AU - Su, Jason

AU - Bezold, Louis

AU - Chang, Anthony

AU - McKenzie, E. Dean

AU - Fraser, Charles

AU - Andropoulus, Dean

AU - Eidem, Benjamin W.

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N2 - Objective. Volume unloading of the functional single ventricle after a bidirectional Glenn anastomosis (BDG) prior to 1 year of age leads to improved global ventricular function as measured by the myocardial performance index (MPI), a Doppler-derived measurement of combined systolic and diastolic ventricular function. Systolic function remains unchanged after BDG according to previous studies; however, acute changes in global and diastolic function have not been previously investigated in this cohort. Our objective was to assess the short-term effects of the BDG on global ventricular function in patients with a functional single ventricle. Design. Echocardiograms to obtain MPI, isovolumic contraction time, and isovolumic relaxation time were performed at four time periods: in the operating room, in the operating room prior to BDG, shortly after separation from cardiopulmonary bypass, less than 24 hours postoperatively, and either prior to hospital discharge or at the first clinic follow-up visit. Results. Twenty-six patients were enrolled. There was significant ventricular dysfunction noted shortly after separation from cardiopulmonary bypass, median MPI 0.63 (0.39-0.81), that persisted in the short term postoperatively median MPI 0.50 (0.40-0.63). Isovolumic contraction time did not change, however, isovolumic relaxation time was significantly prolonged following BDG. Conclusion. In the postoperative patient after BDG, systolic function is preserved; however, there is evidence of diastolic and global ventricular dysfunction, at least in the short term.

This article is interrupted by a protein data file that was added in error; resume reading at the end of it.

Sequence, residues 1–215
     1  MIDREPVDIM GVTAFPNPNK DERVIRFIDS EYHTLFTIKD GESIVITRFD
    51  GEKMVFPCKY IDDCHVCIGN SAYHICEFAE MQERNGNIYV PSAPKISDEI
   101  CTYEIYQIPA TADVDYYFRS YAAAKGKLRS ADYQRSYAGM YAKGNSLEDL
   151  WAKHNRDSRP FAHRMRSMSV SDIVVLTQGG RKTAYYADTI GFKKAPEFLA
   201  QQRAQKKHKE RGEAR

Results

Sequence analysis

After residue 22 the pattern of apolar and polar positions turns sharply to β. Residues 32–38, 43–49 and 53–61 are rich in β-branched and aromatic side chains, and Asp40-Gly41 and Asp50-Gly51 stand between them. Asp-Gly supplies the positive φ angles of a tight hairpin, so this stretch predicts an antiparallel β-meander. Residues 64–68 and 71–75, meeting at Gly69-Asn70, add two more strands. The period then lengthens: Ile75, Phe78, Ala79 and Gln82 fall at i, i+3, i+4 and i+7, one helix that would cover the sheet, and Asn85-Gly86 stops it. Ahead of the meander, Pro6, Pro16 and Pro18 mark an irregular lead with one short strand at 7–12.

AB - Objective. Volume unloading of the functional single ventricle after a bidirectional Glenn anastomosis (BDG) prior to 1 year of age leads to improved global ventricular function as measured by the myocardial performance index (MPI), a Doppler-derived measurement of combined systolic and diastolic ventricular function. Systolic function remains unchanged after BDG according to previous studies; however, acute changes in global and diastolic function have not been previously investigated in this cohort. Our objective was to assess the short-term effects of the BDG on global ventricular function in patients with a functional single ventricle. Design. Echocardiograms to obtain MPI, isovolumic contraction time, and isovolumic relaxation time were performed at four time periods: in the operating room, in the operating room prior to BDG, shortly after separation from cardiopulmonary bypass, less than 24 hours postoperatively, and either prior to hospital discharge or at the first clinic follow-up visit. Results. Twenty-six patients were enrolled. There was significant ventricular dysfunction noted shortly after separation from cardiopulmonary bypass, median MPI 0.63 (0.39-0.81), that persisted in the short term postoperatively median MPI 0.50 (0.40-0.63). Isovolumic contraction time did not change, however, isovolumic relaxation time was significantly prolonged following BDG. Conclusion. In the postoperative patient after BDG, systolic function is preserved; however, there is evidence of diastolic and global ventricular dysfunction, at least in the short term.